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Trampoline
 
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Trampoline

18 Jun 1999 | Format: MP3

£5.99 (VAT included if applicable)
Buy the CD album for £5.30 and get the MP3 version for FREE. Does not apply to gift orders.
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Song Title
Time
Popularity  
30
1
4:22
30
2
3:46
30
3
3:06
30
4
3:05
30
5
3:48
30
6
3:44
30
7
5:44
30
8
3:07
30
9
4:53
30
10
4:13
30
11
3:47
30
12
5:06
30
13
3:47
30
14
4:09
30
15
6:03


Product details

  • Original Release Date: 2 Mar 1998
  • Release Date: 2 Mar 1998
  • Label: Universal-Island Records Ltd.
  • Copyright: (C) 1998 MCA Records Nashville a division of MCA Records Inc.
  • Record Company Required Metadata: Music file metadata contains unique purchase identifier. Learn more.
  • Total Length: 1:02:40
  • Genres:
  • ASIN: B001KSB1YU
  • Average Customer Review: 4.9 out of 5 stars  See all reviews (17 customer reviews)
  • Amazon Bestsellers Rank: 18,681 in MP3 Albums (See Top 100 in MP3 Albums)

Customer Reviews

4.9 out of 5 stars
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Most Helpful Customer Reviews

14 of 14 people found the following review helpful By Mr. Richard J. Carter on 10 Mar 2003
Format: Audio CD
Like the band, who make no secret of their contempt for the Nashville-music industry, controversy surrounds whether this album is country or pop. Certainly this record, with a fully fledged orchestra including the ‘Havana Horns’ and the ‘Nashville String Machine’ has a big sound which falls outside the strict definition of traditional country.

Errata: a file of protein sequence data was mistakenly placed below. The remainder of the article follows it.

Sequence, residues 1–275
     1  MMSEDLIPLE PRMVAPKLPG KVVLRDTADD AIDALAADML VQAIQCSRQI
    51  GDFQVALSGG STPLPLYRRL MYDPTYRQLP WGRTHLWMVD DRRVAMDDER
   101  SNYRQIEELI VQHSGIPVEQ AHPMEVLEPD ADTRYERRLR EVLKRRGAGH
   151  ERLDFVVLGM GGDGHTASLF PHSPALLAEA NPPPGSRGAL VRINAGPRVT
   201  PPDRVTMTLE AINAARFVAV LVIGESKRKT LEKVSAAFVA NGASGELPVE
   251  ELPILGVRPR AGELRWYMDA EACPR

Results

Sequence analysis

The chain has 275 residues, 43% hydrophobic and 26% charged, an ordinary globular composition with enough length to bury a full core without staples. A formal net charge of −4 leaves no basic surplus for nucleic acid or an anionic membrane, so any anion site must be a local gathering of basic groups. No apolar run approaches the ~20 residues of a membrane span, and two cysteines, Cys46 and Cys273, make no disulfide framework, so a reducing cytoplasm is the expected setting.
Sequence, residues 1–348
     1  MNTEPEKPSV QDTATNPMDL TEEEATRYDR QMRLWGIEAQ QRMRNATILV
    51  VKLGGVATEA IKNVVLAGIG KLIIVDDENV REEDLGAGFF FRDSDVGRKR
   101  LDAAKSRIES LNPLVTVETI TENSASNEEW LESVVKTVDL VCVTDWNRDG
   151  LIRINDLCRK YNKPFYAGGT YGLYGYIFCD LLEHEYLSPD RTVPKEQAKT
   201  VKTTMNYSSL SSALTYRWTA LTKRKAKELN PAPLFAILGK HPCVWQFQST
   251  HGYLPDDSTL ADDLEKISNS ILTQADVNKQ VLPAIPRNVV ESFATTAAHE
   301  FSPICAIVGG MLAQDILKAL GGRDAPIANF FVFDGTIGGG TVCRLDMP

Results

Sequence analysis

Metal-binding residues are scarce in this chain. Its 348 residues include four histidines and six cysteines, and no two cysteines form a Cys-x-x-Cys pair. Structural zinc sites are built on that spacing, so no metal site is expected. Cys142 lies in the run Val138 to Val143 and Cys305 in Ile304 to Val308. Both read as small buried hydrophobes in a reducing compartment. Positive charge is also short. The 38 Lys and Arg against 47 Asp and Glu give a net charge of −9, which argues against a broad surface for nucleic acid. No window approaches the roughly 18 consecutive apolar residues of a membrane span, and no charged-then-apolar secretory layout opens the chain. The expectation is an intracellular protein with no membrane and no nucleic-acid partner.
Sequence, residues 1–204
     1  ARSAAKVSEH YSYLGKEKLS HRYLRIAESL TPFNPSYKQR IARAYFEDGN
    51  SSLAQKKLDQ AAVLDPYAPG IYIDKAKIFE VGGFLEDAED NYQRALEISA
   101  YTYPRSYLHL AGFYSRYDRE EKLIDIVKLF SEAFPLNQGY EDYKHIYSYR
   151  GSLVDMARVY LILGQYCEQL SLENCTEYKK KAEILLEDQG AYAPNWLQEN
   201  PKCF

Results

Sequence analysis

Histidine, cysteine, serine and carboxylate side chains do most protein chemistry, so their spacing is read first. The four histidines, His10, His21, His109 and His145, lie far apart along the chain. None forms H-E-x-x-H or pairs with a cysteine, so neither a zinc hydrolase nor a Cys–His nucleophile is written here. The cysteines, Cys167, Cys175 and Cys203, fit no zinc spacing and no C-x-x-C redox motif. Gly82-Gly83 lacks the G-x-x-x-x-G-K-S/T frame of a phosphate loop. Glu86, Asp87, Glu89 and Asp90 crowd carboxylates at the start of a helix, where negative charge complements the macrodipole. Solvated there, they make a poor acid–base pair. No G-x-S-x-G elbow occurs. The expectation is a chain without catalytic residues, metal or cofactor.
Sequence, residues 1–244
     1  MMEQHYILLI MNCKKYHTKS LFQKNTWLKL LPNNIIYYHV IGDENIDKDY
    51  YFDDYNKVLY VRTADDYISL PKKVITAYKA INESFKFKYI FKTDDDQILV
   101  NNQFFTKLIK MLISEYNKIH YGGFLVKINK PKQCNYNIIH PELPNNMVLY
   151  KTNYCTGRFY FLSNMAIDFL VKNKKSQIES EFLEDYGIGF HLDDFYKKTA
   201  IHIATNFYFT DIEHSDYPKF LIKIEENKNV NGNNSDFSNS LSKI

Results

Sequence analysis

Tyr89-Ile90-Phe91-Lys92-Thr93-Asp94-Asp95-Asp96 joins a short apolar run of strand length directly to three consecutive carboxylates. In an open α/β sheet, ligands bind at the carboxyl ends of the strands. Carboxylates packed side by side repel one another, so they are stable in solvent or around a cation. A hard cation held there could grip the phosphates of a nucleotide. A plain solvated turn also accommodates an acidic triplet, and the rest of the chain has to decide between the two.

I’ve always been a big admirer of the Mavericks during their early country days and was not surprised when their last album, ‘Music For All Occassions’, was well received by critics. This album represents a natural progression from their earlier work but retains the Maverick latin-american influenced (Tex-Mex) sound.
The sleeve notes are refreshingly different. Each of the four Mavericks are depicted on the front cover, one dressed as a clown, the others holding a megaphone, a meat cleaver and a doll respectively. Old-style photos cover two-thirds of the inlays (with song-titles overlaid along with lyric excerpts from the songs), with modern day pics of the band at work/play on the remaining third.
After seeing them give an impressive live promotion of this album it appears musically the Mavericks can do no wrong. The best track, ‘Dance The Night Away’ went on to become a top-ten cross-over pop hit. The slow burner, ‘Tell Me Why’, and frenetic ‘Save A Prayer’ were also blasted out, leaving the assembled audience with ringing eardrums and a feelgood factor times 10. Apparently the album was recorded live, with musical arrangements worked up in advance before going into the studio.
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3 of 3 people found the following review helpful By Peter N. Ingleby on 26 Feb 2013
Verified Purchase
Trampoline is easily my favorite Mavericks album and this 5.1 surround sound version gives it that extra bounce. As soon as the hit 'Dance the night away' comes dancing out of all five speakers the album just pick you up and carries you along. A masterclass demonstration on just how a well mixed 5.1 DTS version of an album just blows the conventional stereo version away. Why aren't more albums given the 5.1 treatment especially when it's done this well.
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2 of 2 people found the following review helpful By Dangerous Dave TOP 500 REVIEWER on 23 Aug 2011